One side of the main motorway to the Port of Dover will be shut to non-freight traffic from Monday morning as part of testing for a possible no-deal Brexit.
The scheme, known as Operation Brock, is to ease congestion in Kent if traffic is brought to a standstill due to disruption caused if the UK leaves the EU without an agreement and there is no longer frictionless trade.
If there are delays at the Dover-Calais crossing after the UK quits the bloc, the government has said up to 11,000 lorries will be able to queue on the M20.
From Monday morning, two lanes of the coastbound carriageway between junction eight for Maidstone and junction nine at Ashford will be shut for non-freight traffic, in order to test the contraflow plans.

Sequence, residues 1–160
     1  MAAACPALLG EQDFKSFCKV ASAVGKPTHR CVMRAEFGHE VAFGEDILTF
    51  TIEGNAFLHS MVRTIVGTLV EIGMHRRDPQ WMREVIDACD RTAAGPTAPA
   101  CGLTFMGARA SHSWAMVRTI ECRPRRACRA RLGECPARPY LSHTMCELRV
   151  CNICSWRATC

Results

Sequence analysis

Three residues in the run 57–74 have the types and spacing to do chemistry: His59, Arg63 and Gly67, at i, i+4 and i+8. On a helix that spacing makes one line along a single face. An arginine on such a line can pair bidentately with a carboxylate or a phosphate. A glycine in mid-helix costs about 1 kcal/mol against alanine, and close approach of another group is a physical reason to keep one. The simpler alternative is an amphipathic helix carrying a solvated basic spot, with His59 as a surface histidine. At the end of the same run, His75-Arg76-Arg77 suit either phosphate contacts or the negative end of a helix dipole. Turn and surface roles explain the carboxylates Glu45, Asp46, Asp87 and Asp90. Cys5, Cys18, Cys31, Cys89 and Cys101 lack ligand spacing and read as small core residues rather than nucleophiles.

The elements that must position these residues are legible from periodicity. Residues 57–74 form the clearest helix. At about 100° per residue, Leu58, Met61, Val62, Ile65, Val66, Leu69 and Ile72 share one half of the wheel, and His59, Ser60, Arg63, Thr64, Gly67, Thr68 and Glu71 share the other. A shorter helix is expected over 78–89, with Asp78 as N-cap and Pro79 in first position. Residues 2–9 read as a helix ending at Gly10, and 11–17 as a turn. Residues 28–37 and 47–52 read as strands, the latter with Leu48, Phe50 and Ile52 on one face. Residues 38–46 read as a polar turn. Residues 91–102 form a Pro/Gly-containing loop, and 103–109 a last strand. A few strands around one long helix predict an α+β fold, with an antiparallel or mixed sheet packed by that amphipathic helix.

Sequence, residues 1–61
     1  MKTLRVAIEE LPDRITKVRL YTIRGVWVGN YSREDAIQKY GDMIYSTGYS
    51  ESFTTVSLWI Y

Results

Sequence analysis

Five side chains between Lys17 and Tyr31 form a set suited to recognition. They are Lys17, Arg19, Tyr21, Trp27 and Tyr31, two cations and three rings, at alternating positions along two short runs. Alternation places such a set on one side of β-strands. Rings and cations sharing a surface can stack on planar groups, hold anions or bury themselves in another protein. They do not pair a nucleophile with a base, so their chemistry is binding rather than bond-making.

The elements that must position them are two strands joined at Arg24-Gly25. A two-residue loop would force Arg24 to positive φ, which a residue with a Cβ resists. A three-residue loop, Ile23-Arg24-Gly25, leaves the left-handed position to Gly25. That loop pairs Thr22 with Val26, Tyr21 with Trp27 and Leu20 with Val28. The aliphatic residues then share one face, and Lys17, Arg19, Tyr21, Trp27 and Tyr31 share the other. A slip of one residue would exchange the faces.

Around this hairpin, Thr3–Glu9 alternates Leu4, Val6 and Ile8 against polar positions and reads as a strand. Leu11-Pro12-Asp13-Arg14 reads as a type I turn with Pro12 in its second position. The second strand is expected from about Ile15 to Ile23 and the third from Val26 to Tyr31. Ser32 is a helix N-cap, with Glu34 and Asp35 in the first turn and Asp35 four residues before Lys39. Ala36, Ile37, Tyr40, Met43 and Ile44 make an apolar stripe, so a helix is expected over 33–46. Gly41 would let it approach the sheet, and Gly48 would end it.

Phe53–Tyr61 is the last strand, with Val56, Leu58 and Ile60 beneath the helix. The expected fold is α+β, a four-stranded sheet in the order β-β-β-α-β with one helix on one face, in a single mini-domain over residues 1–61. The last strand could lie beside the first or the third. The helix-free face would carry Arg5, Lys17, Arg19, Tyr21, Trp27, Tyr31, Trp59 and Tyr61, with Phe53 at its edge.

Lorries heading for mainland Europe will be routed down the coastbound carriageway, with a 30mph speed limit in place.
Cars and other vehicles will be directed onto the London-bound carriageway – with two lanes in each direction operating at 50mph.
Three lanes of traffic in each direction and a 50mph speed limit could be restored later in the week if Operation Brock is not immediately required.
Operation Brock will also allow lorries to be routed onto a disused air field and another motorway, the coastbound M26 if needed.